Q. Describe the most common types of jobs you do for your clients.
A. A lot of times people are looking for the whole package from learning the basics and touching up what their dogs already know. I also tend to open the eyes of owners' about how you should look at dogs and what needs to be done. I also know do pet sitting, where I stay at the owners' home 24/7 so pets do not have to be sent to stressful kennels.
Q. Describe three recent jobs you've completed.
A. Worked with a rescue dog on loose leash walking. Wonderful and smart dog, he picked up loose leash walking with no force needed. A pitbull mix, all dogs learn the same way no need for a rough hand!
Q. What advice do you have for a customer looking to hire a provider like you?
A. A ethical dog trainer will never ever use the words "guaranteed". You always have to remember that one your pet is a living thing not a machine, there are times that they may react and two it depends on the work you are willing to put into the training yourself. You want a dog trainer who is up to date with training, and willing to go the extra mile. Even after the classes have ended you want a dog trainer who is still willing to talk to you and answer questions.
Q. If you were a customer, what do you wish you knew about your trade? Any inside secrets to share?
A. With reward base programs you are not bribing your dog to listen to you. You are first rewarding them to mark a behavior. Once the behavior has been learned you wean the dog off the treats and the reward becomes praise and pets.
Q. What important information should buyers have thought through before seeking you out?
A. Understanding that training/education doesn't stop when you leave the class. You need to put the time in outside of class or your dog will never learn the behaviors you want to see around different locations
Q. What do you like most about your job?
A. Love working with the Owners and their furry family member.
Q. What questions do customers most commonly ask you? What's your answer?
A. Is there a bad breed? A: No, there is no such thing as a bad breed.. a bad owner yes, everything you do with or to a puppy can cause many of the issues you see in a "bad breed"
Q. Do you have a favorite story from your work?
A. Really any of the stories of my Trade in and trade up program where owners turn in their outdated training tools such as shock, choke, prong collars and earn two free classes and the look on their faces when they see they can have a healthier and less painful life with their dogs.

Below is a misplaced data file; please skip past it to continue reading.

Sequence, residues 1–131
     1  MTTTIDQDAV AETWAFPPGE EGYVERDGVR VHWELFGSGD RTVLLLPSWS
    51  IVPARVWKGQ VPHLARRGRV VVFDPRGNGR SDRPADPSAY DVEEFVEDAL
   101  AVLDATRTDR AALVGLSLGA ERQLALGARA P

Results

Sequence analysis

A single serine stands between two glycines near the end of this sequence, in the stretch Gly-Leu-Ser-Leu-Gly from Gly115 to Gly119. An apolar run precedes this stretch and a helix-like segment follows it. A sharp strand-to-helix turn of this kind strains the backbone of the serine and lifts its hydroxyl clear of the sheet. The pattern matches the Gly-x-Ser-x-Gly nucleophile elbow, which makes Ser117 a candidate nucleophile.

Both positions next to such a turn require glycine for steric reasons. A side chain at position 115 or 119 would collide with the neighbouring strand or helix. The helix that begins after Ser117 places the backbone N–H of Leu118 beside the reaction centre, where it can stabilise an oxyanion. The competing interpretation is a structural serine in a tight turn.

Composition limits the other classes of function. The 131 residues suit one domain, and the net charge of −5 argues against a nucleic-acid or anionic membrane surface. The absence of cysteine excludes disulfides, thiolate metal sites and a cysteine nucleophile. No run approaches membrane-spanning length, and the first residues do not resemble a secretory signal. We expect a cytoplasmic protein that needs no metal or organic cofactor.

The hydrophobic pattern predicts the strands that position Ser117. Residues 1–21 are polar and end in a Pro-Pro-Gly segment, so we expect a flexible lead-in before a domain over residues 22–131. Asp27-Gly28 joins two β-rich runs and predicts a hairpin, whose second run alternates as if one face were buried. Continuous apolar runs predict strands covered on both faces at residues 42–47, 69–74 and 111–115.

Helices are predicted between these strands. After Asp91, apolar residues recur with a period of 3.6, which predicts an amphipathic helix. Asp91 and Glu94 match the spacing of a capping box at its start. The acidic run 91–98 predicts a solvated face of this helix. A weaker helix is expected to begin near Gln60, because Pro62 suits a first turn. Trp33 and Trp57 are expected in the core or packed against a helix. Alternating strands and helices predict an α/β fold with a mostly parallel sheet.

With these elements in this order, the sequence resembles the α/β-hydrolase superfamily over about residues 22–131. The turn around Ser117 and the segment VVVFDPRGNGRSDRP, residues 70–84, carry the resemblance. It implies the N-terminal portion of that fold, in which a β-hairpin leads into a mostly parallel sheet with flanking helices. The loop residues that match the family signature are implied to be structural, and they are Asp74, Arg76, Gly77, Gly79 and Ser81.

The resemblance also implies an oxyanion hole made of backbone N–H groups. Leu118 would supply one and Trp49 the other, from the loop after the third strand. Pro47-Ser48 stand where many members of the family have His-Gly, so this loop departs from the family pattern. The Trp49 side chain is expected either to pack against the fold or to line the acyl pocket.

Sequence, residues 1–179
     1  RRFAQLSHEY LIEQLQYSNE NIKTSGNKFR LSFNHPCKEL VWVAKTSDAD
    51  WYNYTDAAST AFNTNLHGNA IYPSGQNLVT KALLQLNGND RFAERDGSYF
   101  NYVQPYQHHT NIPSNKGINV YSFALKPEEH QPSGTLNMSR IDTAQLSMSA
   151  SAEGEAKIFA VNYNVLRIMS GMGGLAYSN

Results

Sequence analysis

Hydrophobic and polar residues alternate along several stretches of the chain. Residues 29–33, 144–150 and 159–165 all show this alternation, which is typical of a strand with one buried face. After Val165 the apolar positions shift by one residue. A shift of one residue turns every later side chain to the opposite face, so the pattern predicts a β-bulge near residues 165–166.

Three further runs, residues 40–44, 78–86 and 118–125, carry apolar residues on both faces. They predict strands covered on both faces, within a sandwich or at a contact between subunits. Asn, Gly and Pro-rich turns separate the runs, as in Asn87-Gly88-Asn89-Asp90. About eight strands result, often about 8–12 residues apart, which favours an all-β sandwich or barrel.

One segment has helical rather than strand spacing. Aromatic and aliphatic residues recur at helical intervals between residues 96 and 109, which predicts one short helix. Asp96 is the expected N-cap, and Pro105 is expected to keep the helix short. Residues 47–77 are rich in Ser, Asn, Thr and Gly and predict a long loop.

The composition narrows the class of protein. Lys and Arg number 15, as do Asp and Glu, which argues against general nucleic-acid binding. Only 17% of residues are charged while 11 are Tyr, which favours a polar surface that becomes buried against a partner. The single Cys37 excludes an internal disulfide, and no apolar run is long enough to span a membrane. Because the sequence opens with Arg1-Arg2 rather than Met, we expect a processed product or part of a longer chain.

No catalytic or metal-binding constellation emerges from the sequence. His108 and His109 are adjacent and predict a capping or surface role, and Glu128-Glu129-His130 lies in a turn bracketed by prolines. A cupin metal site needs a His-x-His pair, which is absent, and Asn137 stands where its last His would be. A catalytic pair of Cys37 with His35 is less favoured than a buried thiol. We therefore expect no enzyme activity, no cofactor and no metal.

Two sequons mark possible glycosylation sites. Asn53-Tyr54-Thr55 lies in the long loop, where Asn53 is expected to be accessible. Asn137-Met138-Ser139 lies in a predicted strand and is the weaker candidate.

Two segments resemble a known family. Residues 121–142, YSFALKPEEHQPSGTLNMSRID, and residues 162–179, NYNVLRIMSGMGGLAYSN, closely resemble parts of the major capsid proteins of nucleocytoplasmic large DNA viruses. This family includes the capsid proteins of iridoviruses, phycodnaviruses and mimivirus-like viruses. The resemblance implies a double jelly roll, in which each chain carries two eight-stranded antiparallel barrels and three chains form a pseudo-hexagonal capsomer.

Q. What do you wish customers knew about you or your profession?
A. I am a very hard worker. On top of that I value my ethics, this being said I am not a balance trainer I do not jump to outdated training tools such as shock, choke, or prong collars. With what science has discovered for behavior training it shows that positive reinforcement has a greater impact and longer lasting results than using tools that have a greater fall out chance.
Q. How did you decide to get in your line of work?
A. I have always been around dogs my whole life. My father always had a lab or Golden for birding. Once we moved to NH we then started branching off of labs to different breeds such as herders and so on. It was thanks to him that I learned about the power of Positive Reinforcement
Q. Do you do any sort of continuing education to stay up on the latest developments in your field?
A. Yes, I tend to do webinares through Pet Professional guild to get a hold of any new information about dog behavior
Q. Describe your most recent project, what it involved, how much it cost, and how long it took.
A. At this moment I am working on a project called the trade in and trade up project. This allows owners who are using outdated tools such as prong, shock, choke collars to pass in these collars and earn a free freedom harness as well as a short lesson on how to use the harness correctly
Q. If you were advising someone who wanted to get into your profession, what would you suggest?
A. Always keep reading, science is ever growing in this field and we are now understanding outdated methods based on Pack theory is not the rout for dogs.